Marketing Structure and Pricing Decisions

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A Presentation submitted to the department of business Administration and marketing Management and Social Sciences.
In partial Fulfilment on


Taught by
Associate Prof. Didia P. O

November, 2011

In order to maximize profits or shareholder wealth, managers must use the information that they have relating to demand and costs in order to determine strategy regarding price and output, and other variables. However, managers must also be aware of the type of market structure in which they operate, since this has important implications for strategy; this applies both to short-run decision making and to long-run decisions on changing capacity or entering new markets. Managers must tailor their decisions to the specific market environment in which their firms operate. For example, a manager of a business that is the patent holder and the only supplier of a new wonder drug will act differently than a manger of a firm trying to survive in the very competitive fast-food industry. Because the decision making environment depends on the structure of the market, it follows that no single theory of the firm can adequately describe all of the conditions in which firms operate. However, it does not follow that there must be a unique theory corresponding to every conceivable market structure. By categorizing markets in terms of their basic characteristics, it may be possible to identify a limited number of market structures that can be used to analyze decision making.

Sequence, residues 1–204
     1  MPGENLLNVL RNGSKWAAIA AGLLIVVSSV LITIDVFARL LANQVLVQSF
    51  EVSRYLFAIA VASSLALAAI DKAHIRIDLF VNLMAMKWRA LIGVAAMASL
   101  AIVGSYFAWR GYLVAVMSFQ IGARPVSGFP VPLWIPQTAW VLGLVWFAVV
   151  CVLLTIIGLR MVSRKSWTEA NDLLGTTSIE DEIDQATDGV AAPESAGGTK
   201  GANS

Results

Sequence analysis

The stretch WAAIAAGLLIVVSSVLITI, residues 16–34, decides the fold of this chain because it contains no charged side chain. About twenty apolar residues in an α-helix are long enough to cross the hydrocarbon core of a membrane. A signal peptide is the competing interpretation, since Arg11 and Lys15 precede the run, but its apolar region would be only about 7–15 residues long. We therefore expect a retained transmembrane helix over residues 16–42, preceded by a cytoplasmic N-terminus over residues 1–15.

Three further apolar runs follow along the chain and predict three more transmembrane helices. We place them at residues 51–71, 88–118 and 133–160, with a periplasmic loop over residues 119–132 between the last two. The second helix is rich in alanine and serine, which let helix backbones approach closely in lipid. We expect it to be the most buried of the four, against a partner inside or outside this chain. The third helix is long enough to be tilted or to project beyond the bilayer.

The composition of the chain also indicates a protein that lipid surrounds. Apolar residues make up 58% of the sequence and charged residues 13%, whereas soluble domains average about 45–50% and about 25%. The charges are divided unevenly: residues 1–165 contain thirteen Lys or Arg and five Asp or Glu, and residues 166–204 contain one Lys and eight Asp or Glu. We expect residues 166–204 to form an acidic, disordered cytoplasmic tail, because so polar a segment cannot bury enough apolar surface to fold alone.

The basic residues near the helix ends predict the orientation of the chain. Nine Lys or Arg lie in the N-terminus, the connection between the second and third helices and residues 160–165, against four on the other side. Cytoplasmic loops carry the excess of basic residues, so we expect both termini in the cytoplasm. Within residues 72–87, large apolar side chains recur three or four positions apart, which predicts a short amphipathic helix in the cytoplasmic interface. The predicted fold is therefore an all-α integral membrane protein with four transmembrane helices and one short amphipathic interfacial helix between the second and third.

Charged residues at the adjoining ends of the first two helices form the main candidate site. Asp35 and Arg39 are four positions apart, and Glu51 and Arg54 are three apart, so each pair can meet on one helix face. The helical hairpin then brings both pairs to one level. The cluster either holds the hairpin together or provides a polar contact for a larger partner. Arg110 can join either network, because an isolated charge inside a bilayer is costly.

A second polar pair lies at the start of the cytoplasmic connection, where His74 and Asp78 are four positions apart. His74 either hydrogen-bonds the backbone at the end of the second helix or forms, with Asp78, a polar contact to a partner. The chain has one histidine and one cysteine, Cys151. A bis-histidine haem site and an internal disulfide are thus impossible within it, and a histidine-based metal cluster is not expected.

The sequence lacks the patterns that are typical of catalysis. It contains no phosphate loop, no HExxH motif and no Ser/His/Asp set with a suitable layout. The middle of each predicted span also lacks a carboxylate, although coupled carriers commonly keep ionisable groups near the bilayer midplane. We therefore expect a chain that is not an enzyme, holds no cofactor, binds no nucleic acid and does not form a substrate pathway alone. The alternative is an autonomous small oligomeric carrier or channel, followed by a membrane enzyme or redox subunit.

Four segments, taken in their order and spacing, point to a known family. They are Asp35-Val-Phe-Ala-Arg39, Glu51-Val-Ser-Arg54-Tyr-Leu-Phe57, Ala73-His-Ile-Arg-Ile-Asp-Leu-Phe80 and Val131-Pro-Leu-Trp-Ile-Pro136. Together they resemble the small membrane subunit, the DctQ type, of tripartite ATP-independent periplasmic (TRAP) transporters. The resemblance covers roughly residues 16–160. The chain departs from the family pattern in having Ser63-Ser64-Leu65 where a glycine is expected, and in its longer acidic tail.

Economists usually classify market structures into four main types: Perfect Competition, Monopoly, Monopolistic Competition and Oligopoly. These types of market structure are different according to the following characteristics:

- Number and Size Distribution of Sellers.
The ability of an individual firm to affect the price and total amount of a product supplied to a market is related to the number of firms providing that product. If there are numerous sellers of nearly equal size, the influence of any one firm is likely to be small. In contrast, in a market consisting of only a few sellers, an individual firm can have considerable impact on price and total supply. The size of distribution of firms is also an important characteristic of market structure. When the market includes a dominant firm or a few large firms that provide a substantial proportion of total supply, those large businesses may be able to exert considerable influence over price and product attributes. For example, in the market for computer software, Microsoft is the dominant firm. The product of many smaller software suppliers are designed to be compatible with those of Microsoft and their prices are influenced by prices set by Microsoft. Conversely in a Market with firms of nearly equal size, individual sellers are likely to have less influence.

* Number and Size Distribution of Buyer
Markets can also be characterized by the number and size distribution of buyers. Where there are many small purchasers of a product, all buyers are likely to pay about the same price. However, if there is only one purchaser, that buyer is in position to demand lower prices from sellers. Similarly if a market consists of many small buyers and one or a few firms making volume purchases, the larger firms may be able to buy at lower prices. For example, because of their sales volume, IBM and AT&T may be able to obtain electronic components at prices below those of competitors.

* Product Differentiation
Product differentiation refers to the degree that the output of one firm differs from that of other firms in a market. Where products are undifferentiated, decisions to buy are made strictly on the basis of price. In these markets, sellers who attempt to charge a higher price are unable to sell their...
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